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  14. I thought of you on Friday night, which was a holy day in our rite. (Not sure if it was for all rites.)

    Pull into church parking lot and thought I had the wrong night. DH's car was there--we both came from work. Priest's car was there. Cantor's car was there. That was it. I almost burst into tears. Now I know EXACTLY how you felt. I even whispered that to DH as I slid into the pew.

    Five more people showed up before the start of liturgy. But seriously, NINE on a holy day? Perhaps they were so excited they could eat meat that they went out for steak . DH & I must be so weird, being as "young" as we are and making it to church on a Friday night holy day, and I worked late so that I wouldn't do any unnecessary driving.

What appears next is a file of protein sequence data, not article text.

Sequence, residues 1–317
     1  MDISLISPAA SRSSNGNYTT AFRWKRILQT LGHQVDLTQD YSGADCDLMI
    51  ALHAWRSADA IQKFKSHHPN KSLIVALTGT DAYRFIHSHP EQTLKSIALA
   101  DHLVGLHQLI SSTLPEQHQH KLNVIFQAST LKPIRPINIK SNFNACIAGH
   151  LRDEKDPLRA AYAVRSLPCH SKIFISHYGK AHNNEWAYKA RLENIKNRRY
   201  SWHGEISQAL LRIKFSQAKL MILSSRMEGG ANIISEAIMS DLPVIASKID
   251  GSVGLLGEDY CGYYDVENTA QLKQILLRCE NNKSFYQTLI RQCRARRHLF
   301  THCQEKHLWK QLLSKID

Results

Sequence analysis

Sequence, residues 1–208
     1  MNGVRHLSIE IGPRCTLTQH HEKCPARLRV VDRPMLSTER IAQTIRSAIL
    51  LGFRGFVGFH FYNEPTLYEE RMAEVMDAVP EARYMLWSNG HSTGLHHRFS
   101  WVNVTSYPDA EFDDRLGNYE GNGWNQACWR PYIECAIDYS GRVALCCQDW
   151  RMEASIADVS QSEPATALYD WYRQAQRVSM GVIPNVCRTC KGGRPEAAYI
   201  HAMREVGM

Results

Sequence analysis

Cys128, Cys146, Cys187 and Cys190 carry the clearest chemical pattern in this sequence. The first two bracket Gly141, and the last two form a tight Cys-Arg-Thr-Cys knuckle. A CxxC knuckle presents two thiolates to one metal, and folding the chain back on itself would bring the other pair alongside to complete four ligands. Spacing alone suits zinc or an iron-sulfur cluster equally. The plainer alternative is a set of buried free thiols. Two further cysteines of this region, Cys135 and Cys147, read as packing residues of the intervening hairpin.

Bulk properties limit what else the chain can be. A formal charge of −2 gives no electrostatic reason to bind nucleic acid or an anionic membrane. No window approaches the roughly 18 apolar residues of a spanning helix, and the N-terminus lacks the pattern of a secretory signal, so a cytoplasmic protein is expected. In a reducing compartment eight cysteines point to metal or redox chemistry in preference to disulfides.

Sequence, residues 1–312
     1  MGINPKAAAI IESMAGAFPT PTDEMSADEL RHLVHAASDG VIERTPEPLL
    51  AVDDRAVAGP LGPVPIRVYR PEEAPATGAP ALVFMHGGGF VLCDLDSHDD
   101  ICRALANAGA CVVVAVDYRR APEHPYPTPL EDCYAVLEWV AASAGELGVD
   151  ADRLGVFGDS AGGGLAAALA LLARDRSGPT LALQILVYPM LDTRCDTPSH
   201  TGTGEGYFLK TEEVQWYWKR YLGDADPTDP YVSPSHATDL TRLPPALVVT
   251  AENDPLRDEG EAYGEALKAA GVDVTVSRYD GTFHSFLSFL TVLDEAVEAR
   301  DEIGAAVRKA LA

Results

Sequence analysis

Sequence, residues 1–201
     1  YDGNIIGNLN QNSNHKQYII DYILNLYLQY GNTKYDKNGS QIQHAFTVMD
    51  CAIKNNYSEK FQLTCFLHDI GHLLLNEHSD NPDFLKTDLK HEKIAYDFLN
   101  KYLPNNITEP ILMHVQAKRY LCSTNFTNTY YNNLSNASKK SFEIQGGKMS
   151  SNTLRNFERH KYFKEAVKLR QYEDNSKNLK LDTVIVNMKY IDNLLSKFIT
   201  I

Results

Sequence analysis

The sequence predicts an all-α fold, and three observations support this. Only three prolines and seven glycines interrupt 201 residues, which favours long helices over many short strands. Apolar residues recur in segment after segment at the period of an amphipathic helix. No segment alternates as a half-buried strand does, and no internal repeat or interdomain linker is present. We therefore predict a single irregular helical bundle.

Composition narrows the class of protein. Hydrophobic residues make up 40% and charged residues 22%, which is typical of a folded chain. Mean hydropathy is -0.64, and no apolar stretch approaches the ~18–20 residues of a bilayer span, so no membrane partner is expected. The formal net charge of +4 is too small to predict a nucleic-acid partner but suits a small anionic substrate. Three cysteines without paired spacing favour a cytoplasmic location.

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  15. I think my comment got eaten! Just tried to post something but I might have been too eager with my clicks.

    Anyway, I know how you felt...because on Friday night, there were only 9 people at a holy day service. When I got to church, there was just DH, the priest and the cantor. I almost burst into tears at that point.

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  16. Rabbit- you rock for celebrating with Liturgy on a feast day (...those who didn't go had better not eaten meat- you on the other hand....rib eye!)

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  17. OK I panicked--guess the comment went through.

    But I am lame. When it came time to figure out what to eat (I grabbed something from a prepped meals place near work to eat at home after Liturgy), I kept looking at the meatless/veggie options. I ended up with chicken & artichoke lasagna, haha. DH laughed at me, saying "you could have had ANYTHING and you got CHICKEN?" :)